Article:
2. Delays in boosters for children and the elderly: There is still extensive debate in the European medical community about whether children can receive the COVID-19 vaccine, as well as disagreement over the importance of offering a fourth dose as a booster for the elderly. Many medical studies have indicated that the immune response from vaccination is less effective against these new variants. The rates of protection that the vaccine afforded against Delta were around 95 percent. This fell to 85 percent against Omicron, and is expected to fall further to 70 percent against new subvariants of the virus.
3. COVID-19 restrictions lifted during peak tourist season: Many reports have also shown that the increased number of COVID-19 cases in Europe is partially due to cutting back or fully lifting restrictions and preventive measures at the same time as the summer tourist season. European countries are now allowing large gatherings of people. For example, there were huge street parties of millions of people held in the UK for an entire week in celebration of Queen Elizabeth II’s Platinum Jubilee. Meanwhile, many European and non-European tourists have booked travel to various tourist cities in Europe as summer vacations begin.
4. Lack of political will to impose new restrictions: Although doctors have expressed increasing concern, European governments are still not able to impose new restrictions and measures to prevent COVID-19 from spreading. These measures include requiring masks in indoor spaces such as restaurants and public transportation and maintaining a social distance.
Portugal, which has experienced a spike in Omicron cases, has said that it is not planning to impose new COVID-19 restrictions. It indicated that it will also move forward with plans to allow short-term residency to freelancers from other countries. Marco Buschmann, the German minister of justice, said that his country would not impose any new restrictions until it had assessed the impact of previous restrictions on the spread of COVID-19 as well as the ramifications of this policy for the Germany economy.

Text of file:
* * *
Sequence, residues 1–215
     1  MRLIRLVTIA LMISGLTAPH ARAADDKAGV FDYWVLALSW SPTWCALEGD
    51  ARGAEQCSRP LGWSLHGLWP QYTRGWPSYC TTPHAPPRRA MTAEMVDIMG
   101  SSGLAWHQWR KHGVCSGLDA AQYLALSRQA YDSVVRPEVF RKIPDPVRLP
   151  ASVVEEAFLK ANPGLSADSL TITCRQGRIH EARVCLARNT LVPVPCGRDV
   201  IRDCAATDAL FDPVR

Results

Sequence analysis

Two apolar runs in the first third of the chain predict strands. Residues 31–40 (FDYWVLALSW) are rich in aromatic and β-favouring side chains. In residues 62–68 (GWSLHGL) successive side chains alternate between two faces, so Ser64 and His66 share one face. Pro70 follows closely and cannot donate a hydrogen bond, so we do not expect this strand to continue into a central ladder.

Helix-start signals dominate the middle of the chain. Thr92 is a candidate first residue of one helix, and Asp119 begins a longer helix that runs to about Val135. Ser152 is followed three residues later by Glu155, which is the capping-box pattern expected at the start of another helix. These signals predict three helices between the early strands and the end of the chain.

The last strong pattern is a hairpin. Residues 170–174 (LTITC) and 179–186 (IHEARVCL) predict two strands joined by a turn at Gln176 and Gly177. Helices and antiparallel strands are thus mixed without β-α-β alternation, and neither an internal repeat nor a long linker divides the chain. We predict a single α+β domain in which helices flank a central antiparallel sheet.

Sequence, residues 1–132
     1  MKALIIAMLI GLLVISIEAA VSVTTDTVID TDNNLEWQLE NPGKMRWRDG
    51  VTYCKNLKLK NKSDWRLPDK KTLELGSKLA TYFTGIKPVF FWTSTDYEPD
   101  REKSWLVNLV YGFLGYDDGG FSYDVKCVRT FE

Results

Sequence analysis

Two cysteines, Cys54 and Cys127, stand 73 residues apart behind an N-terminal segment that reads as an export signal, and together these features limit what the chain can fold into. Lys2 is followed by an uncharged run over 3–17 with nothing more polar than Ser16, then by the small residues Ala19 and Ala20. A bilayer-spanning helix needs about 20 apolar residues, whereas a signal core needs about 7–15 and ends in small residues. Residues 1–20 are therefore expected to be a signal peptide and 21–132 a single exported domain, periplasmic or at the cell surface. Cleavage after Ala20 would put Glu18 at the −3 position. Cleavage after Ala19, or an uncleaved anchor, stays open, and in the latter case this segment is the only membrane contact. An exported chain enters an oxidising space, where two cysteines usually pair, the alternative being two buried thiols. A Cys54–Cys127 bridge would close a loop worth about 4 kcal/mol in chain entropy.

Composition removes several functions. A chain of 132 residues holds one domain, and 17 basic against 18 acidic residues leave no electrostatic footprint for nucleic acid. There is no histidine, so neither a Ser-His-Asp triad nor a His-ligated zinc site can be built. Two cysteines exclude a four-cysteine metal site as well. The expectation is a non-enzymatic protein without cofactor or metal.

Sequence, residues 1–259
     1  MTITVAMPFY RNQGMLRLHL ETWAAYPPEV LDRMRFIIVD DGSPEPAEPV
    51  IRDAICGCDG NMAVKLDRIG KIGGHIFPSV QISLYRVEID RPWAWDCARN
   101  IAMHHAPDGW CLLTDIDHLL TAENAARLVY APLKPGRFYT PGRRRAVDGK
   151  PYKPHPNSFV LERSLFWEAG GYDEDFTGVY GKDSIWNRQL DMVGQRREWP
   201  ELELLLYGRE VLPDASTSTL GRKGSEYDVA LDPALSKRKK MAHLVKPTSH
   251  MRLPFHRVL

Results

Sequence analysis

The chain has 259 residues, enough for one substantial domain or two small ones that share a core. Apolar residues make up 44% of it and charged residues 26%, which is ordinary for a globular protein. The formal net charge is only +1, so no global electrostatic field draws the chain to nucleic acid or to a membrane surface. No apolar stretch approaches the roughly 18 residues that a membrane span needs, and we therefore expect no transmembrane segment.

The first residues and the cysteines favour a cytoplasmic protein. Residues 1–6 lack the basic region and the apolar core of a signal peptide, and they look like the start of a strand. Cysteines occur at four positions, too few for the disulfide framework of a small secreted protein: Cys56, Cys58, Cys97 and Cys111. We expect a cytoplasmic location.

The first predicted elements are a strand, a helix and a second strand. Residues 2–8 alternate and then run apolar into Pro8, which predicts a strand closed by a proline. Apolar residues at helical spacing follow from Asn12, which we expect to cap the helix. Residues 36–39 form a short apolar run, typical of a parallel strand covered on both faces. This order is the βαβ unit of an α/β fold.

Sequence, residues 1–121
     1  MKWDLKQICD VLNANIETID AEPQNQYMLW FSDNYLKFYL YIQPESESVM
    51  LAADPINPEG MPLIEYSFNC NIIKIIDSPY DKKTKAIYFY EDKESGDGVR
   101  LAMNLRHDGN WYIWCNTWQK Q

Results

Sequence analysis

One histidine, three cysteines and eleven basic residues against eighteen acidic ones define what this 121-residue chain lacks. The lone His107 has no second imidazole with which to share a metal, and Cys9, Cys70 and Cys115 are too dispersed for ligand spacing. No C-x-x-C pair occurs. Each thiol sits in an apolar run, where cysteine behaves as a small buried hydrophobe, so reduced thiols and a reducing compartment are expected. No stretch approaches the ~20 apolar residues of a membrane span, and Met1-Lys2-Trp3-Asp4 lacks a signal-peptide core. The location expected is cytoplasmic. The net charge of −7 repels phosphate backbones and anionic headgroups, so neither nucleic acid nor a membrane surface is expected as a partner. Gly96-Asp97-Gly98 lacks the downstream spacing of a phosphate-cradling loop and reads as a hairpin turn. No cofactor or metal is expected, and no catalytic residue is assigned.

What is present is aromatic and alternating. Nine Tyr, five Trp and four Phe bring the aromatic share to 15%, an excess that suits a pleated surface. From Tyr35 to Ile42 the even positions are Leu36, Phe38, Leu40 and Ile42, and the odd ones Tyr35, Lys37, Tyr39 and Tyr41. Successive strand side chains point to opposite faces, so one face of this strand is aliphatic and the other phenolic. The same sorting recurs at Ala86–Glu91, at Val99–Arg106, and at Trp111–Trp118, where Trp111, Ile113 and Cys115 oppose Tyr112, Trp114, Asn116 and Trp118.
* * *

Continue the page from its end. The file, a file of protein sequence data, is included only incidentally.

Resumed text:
5. European focus on the war in Ukraine: The war in Ukraine poses serious new threats to the security of European nations and has become a key area of focus for European countries. As a result, Europe is less engaged with developing measures to counter the spread of COVID-19. This, in addition to the opening of borders to large numbers of Ukrainian refugees in many European countries, has contributed to some extent to the spike in COVID-19 cases. This could also create additional pressure on critical facilities in the fight against COVID-19. The crowded accommodation facilities for refugees also increase the potential for the spread of infectious diseases in these facilities, including COVID-19.
In conclusion, rising COVID-19 cases in Europe have resulted in many people demanding the return of pandemic restrictions to prevent the situation from getting worse. The European Centre for Disease Control and Prevention has emphasized caution and is following the situation closely to ensure it does not deteriorate further as new variants spread across Europe.
The center has issued guidanceon fighting the new wave, which includes steps that can be taken to develop the capacities of health organizations. It emphasizes the need to provide care for suspected cases as well as to continue disease surveillance regarding the number of cases and hotspots using COVID-19 testing, and to distinguish between older and newer variants in these tests.
The center also affirmed the importance of identifying commonalities between the newer and older variants, which could contribute to understanding the differences between the new subvariants and earlier versions of COVID-19, and how to best deal with them. Furthermore, the center indicated that it expects that further booster doses will be needed to protect against future waves before the fall and winter, especially for the groups that are most vulnerable to complications from COVID-19 infections, such as persons over 60 years of age and immunocompromised people.